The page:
Kentucky House Kicks Off Fight Against DEI in Public Colleges and Universities

Evan Poellinger | March 19, 2024
Text Audio
00:00 00:00
Font Size

The Kentucky State House has passed a bill withholding Diversity, Equity, and Inclusion (DEI) funding from the state’s public colleges and universities, joining a larger trend of passing anti-DEI legislation at the state level.

In a 68-18 vote, the House passed Senate Bill 6, which prohibits the spending of taxpayer money on DEI institutions at Kentucky’s public universities, and requires viewpoint neutrality by universities. The bill further requires that students not be subjected to differential treatment on the basis of religious beliefs, sex, and race, and that schools will not “conduct any mandatory training of students or employees if the training presents one or more discriminatory concepts as fact.”

The bill comes on the heels of an opinion issued by the Attorney General of Kentucky Russell Coleman, which declared DEI funding and policies to be unconstitutional. On March 14, Coleman issued a statement in which he cited the Supreme Court case Students for Fair Admission v. Harvard in finding “there is an ‘inherent folly’ in ‘trying to derive equality from inequality.’”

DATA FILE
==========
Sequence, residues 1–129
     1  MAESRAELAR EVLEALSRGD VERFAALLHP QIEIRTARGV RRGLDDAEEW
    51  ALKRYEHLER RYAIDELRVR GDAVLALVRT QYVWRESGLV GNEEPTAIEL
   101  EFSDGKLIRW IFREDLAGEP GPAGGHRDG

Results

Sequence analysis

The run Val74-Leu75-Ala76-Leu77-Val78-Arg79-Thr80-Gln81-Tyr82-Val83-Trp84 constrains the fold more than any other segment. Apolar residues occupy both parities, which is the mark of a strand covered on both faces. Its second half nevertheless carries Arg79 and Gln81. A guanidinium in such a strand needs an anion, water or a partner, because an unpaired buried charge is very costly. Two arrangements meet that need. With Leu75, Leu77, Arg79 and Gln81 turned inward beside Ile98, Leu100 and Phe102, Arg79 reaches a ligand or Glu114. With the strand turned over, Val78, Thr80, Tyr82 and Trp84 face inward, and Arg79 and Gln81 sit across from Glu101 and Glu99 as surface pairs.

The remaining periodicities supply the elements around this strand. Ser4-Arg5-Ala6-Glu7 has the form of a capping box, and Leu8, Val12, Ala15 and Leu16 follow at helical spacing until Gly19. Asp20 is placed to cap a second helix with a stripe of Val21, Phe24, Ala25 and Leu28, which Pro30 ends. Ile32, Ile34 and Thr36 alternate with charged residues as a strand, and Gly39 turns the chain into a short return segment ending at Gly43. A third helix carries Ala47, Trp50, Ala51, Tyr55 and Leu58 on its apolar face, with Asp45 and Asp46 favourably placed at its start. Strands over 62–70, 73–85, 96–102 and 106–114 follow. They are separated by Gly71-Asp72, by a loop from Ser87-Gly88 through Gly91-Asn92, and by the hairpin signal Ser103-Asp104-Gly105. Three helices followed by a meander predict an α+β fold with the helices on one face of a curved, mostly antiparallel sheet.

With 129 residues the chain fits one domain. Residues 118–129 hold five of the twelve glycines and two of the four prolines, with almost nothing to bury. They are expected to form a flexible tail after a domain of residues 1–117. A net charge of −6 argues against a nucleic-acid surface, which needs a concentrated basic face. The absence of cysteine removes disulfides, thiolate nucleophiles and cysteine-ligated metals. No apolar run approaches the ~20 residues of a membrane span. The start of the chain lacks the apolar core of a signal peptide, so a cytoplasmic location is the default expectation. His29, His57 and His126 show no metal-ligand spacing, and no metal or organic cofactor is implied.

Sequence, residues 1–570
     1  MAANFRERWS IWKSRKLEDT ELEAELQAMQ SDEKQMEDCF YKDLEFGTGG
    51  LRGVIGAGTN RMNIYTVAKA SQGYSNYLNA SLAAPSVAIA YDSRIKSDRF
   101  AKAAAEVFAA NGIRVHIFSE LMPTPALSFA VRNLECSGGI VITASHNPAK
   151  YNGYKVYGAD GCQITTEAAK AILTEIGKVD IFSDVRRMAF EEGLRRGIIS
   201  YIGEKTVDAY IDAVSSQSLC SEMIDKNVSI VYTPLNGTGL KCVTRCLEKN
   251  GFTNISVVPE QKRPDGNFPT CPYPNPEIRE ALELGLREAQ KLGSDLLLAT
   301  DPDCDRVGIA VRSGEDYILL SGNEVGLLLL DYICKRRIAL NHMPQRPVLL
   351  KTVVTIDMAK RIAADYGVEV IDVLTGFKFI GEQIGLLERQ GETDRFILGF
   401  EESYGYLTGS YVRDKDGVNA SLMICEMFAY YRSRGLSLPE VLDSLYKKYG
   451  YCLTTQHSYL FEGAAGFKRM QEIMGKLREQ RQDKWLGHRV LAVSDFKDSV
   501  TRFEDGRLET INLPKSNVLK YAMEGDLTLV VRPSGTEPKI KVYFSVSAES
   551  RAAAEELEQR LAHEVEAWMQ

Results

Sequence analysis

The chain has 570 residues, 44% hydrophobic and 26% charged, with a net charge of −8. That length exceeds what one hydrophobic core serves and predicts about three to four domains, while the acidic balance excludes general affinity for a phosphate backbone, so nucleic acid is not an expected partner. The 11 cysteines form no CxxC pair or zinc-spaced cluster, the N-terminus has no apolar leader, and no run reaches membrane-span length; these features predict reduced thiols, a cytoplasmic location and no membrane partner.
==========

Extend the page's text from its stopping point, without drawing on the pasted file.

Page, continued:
Coleman added that the decision “makes clear that the CPE (Council on Postsecondary Education) defining ‘underrepresented minority’ exclusively in terms of race, and accordingly requiring that Kentucky’s state-funded postsecondary institutions set targets for how many students of a particular race they will enroll, retain, and graduate, violates the U.S. Constitution and the Civil Rights Act”

Kentucky now joins an extensive and growing list of states that have begun taking action against DEI policies in undergraduate and postgraduate education. Kentucky’s policy emulates other states that have made the decision to outright prohibit funding of DEI policies and restricting the use of language associated with the ideology. Other states, like Wisconsin, have taken more indirect measures, such as withholding of funding, in order to force the hands of their public universities in removing DEI-related positions.

The Senate bill will now be sent back to the Kentucky State Senate in its amended form. Whether Gov. Andy Beshear (D) will sign it into law remains to be seen.